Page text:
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HOME WORK

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buildings - In 1995, Richard Murphy converted an Edinburgh mews into a single-bed house and moved in. The exercise has been repeated in a mews opposite

Built of Caithness granite in the 1820s, these two of many 8 x 5m terraced buildings lining Royal Terrace Mews originally each comprised a high ground floor for carriage and horses, with a low hayloft above. Murphy's two shells differed mainly in their facades. For the earlier conversion (AJ 21.09.95), a concrete lintel spanning the whole facade had already been inserted at the old first-floor level, with original stone and windows above, and these had to be retained. Murphy set back a new facade beneath it, a second lintel (in steel) marking a new, lower floor level and supporting the sliding garage door on big rollers.

The facade of the latest house was more dilapidated, so there was permission to rebuild, allowing a more balanced composition, though with less sense of layering. Two steel joists now define the original and new floor levels. Above, the stone required by the planners was, says Murphy, 'against our wishes' and has been designed as 'an ironic element' between RSJs, with glass block panels either side.

The sections of the two houses are broadly similar, but occupied differently. The groundfloor rear space is inevitably rather cut-off behind the garage and entrance, but had nevertheless been made into the dining room and kitchen the first time around. In the new mews, this space is the en-suite bedroom. Its isolation is also addressed, both by sight lines above the fitted wardrobes to the clerestory windows of the front facade and by a light slot down from the kitchen above. (The rear ground level is too high to allow a bedroom window. ) This use of less-than-full-height wardrobes is part of a general moving on from one house to the other, from more straightforward, well-detailed fitted units earlier to more freestanding elements with a sculptural life of their own (also providing much more storage). With such a small building, the temptation might have been to maximise sight lines and transparency by minimising such solid elements and using transparent balustrading between levels. By contrast, Murphy's use of solidity is more complex and subtle - spaces are to some extent self-contained, while maintaining a Loosian connection, creating a succession of shifting vistas as you move around the total volume. This effect is enhanced by a new layer here, in the form of an office platform perched above the living space. The use of mirrors, such as on the gables immediately below the ridge and on some front-window shutters, adds to this complexity, and increases the house's apparent size.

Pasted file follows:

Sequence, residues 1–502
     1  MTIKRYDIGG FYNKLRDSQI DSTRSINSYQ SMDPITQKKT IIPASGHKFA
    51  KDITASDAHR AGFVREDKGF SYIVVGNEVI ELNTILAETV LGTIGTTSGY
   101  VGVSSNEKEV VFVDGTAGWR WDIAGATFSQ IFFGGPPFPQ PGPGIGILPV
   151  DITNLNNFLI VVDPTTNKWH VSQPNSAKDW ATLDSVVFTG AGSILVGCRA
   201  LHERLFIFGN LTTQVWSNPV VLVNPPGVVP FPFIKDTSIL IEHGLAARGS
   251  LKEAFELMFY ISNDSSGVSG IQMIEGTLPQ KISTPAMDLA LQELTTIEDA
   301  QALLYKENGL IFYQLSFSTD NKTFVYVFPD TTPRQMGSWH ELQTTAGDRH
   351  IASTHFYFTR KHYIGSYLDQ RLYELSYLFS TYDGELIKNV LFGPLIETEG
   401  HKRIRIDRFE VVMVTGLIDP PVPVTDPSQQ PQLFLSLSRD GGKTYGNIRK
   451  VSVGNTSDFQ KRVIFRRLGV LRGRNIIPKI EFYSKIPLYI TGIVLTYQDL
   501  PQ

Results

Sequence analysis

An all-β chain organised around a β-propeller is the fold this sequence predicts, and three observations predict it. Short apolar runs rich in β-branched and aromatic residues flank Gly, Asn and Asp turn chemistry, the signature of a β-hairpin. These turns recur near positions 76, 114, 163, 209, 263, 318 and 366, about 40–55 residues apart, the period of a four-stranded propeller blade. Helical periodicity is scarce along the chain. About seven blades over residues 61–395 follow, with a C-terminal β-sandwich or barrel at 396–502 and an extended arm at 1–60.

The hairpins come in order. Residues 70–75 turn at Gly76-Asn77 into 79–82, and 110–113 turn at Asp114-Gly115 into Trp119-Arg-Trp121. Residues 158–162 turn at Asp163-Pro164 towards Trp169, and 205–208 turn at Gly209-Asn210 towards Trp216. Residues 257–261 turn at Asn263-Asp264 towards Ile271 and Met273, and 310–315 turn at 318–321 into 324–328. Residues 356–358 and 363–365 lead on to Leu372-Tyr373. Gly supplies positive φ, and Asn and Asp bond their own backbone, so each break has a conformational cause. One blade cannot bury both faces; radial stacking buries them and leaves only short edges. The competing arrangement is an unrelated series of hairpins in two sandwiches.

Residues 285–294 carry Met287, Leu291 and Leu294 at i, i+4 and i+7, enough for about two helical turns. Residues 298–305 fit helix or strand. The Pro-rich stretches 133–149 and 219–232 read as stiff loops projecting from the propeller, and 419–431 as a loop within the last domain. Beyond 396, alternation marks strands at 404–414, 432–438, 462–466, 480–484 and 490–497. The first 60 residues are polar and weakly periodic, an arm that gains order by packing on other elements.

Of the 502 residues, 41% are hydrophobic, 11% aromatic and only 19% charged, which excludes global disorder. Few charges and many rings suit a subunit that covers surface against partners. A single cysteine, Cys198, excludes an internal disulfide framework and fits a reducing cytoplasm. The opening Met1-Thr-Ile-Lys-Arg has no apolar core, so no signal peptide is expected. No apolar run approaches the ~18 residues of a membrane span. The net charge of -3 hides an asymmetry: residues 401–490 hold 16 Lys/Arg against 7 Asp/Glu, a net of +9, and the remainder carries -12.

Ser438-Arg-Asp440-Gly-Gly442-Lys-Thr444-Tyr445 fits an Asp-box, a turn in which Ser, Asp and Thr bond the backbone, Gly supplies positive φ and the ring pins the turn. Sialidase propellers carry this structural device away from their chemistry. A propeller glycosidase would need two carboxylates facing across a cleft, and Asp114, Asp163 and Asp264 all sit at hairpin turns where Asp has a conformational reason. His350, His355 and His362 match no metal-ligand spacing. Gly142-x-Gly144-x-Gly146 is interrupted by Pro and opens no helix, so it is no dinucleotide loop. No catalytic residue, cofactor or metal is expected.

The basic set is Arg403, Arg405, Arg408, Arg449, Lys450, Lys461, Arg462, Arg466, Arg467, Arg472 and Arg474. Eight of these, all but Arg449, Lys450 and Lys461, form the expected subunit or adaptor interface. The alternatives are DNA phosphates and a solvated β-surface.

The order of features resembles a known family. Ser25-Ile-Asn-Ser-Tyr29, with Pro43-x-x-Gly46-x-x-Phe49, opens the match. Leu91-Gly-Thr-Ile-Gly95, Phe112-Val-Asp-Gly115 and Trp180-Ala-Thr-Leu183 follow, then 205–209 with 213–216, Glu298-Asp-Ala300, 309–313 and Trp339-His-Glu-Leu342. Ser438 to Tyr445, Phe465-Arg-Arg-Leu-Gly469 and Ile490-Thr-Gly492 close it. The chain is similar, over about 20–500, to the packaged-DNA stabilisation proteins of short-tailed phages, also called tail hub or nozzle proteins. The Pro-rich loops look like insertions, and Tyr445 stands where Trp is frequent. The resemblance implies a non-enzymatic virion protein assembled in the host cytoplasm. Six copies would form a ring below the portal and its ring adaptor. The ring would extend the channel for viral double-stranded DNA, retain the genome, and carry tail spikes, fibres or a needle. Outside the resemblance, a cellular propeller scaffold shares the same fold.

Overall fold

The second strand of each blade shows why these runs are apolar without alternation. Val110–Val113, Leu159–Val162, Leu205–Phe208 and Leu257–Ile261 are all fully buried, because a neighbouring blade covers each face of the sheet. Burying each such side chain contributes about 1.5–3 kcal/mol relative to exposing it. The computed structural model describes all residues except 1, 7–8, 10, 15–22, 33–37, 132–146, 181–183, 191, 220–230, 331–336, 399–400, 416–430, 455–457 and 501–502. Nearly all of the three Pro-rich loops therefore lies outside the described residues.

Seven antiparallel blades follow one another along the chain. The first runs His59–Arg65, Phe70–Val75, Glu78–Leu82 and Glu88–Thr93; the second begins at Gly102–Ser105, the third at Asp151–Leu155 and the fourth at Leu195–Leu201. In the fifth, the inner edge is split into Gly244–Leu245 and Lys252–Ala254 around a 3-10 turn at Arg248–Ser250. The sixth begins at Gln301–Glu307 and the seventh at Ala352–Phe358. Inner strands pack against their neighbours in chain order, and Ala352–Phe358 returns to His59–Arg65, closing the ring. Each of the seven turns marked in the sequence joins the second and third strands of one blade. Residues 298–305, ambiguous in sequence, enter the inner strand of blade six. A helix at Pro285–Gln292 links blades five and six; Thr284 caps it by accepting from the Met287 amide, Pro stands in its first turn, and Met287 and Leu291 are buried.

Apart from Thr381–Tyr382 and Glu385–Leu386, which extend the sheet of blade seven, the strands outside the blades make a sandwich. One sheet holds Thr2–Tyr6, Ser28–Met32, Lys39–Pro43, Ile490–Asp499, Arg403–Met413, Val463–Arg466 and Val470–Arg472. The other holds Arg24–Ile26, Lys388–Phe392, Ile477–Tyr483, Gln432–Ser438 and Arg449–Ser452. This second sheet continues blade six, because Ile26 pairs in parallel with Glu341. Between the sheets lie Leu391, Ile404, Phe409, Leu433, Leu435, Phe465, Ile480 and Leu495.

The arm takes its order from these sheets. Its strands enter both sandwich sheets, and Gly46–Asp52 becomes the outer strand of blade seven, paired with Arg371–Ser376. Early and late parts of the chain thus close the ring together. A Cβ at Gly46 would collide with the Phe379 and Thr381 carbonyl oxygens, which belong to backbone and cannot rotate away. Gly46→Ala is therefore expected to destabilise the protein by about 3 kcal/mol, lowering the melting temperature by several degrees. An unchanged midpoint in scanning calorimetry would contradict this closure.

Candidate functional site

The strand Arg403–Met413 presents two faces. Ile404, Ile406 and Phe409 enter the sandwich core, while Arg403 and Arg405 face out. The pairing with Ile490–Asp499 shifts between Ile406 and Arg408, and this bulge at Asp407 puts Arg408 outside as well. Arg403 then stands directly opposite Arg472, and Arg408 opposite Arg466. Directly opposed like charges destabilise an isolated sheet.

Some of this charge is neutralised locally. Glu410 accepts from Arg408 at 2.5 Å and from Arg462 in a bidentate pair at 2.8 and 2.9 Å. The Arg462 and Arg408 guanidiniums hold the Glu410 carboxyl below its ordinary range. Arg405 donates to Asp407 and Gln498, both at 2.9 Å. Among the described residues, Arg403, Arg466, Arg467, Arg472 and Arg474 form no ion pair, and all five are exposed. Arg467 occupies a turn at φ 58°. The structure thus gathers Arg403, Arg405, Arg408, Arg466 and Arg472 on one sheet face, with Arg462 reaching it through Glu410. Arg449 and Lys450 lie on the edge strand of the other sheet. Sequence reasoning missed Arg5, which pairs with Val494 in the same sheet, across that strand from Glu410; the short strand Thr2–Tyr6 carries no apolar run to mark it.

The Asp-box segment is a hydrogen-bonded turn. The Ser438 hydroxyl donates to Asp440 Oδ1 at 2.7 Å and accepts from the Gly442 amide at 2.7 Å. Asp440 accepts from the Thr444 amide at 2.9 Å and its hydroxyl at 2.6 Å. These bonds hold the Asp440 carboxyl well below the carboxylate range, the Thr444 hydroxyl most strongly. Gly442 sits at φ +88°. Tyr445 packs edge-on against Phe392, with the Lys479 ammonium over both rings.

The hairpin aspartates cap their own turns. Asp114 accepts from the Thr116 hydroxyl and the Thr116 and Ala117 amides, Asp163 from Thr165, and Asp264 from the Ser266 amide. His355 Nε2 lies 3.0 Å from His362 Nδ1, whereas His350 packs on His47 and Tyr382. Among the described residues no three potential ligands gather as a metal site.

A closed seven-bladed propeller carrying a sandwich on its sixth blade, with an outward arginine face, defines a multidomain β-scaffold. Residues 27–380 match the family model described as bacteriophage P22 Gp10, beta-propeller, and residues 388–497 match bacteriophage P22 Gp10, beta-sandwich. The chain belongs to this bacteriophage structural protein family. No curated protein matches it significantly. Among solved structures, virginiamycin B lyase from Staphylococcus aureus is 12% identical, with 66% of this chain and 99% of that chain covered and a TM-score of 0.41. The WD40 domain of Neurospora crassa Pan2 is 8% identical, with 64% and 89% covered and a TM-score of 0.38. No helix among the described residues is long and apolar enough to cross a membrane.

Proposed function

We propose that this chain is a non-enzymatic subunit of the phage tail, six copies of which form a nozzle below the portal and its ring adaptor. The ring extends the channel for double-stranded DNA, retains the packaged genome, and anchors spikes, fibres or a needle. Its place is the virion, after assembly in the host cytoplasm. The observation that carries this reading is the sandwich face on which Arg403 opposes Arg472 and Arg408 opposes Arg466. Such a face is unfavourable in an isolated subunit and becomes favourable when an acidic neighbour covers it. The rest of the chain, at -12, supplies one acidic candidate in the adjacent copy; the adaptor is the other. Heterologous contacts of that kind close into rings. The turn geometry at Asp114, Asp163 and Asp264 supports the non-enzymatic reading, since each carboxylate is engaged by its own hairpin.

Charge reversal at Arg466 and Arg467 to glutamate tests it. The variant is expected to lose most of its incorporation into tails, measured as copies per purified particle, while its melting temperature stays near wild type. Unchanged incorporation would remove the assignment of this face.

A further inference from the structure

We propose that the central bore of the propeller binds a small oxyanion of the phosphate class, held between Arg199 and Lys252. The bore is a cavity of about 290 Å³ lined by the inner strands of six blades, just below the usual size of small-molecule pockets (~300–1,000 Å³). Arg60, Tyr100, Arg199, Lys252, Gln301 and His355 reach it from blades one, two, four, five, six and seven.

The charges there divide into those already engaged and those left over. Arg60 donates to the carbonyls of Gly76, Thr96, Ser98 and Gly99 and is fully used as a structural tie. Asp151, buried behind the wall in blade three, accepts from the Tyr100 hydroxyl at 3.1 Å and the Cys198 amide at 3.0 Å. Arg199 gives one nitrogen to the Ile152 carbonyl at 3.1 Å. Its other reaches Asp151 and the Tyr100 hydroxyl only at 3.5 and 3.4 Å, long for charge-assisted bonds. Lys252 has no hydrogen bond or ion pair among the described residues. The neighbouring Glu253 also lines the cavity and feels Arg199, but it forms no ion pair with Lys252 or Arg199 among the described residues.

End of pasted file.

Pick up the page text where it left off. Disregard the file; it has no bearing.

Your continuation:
It is instructive to compare Murphy's approach with the many conversions and extensions of Georgian and Victorian houses we visit, where the near-universal response is toward a simplifying minimalism and transparency. This does add a new type of spatial experience to a dwelling. But Murphy's mews houses suggest other light-filled possibilities of space-defining and connecting, of enjoying spatial complexity.

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